An abstract noun is a noun which names anything which you can not perceive through your five physical senses, and is the opposite of a concrete noun. The highlighted words in the following sentences are all abstract nouns: Buying the fire extinguisher was an afterthought.
Tillie is amused by people who are nostalgic about childhood. Justice often seems to slip out of our grasp.
A countable noun (or count noun) is a noun with both a singular and a plural form, and it names anything (or anyone) that you can count. You can make a countable noun plural and attach it to a plural verb in a sentence. Countable nouns are the opposite of non-countable nouns and collective nouns. In each of the following sentences, the highlighted words are countable nouns: We painted the table red and the chairs blue.
Miriam found six silver dollars in the toe of a sock.
The oak tree lost three branches in the hurricane.
A non-countable noun (or mass noun) is a noun which does not have a plural form, and which refers to something that you could (or would) not usually count. A non-countable noun always takes a singular verb in a sentence. Non-countable nouns are similar to collective nouns, and are the opposite of countable nouns. The highlighted words in the following sentences are non-countable nouns: Joseph Priestly discovered oxygen.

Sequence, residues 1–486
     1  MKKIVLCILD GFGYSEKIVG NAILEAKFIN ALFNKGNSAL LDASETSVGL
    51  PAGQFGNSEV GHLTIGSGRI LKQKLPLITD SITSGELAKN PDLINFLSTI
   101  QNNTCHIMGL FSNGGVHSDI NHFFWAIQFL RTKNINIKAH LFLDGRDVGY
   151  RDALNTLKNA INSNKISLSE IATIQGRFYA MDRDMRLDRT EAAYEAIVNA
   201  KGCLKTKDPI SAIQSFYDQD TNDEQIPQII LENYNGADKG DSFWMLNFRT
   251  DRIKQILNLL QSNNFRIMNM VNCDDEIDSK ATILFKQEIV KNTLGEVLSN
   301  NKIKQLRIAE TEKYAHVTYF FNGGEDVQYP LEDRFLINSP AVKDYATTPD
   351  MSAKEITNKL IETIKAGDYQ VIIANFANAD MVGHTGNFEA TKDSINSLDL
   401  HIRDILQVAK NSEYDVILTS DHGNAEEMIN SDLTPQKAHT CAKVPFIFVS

The word "oxygen" cannot normally be made plural.
Oxygen is essential to human life.
Since "oxygen" is a non-countable noun, it takes the singular verb "is" rather than the plural verb "are." We decided to sell the furniture rather than take it with us when we moved. You cannot make the noun "furniture" plural.
A collective noun is a noun naming a group of things, animals, or persons. You could count the individual members of the group, but you usually think of the group as a whole is generally as one unit. You need to be able to recognise collective nouns in order...
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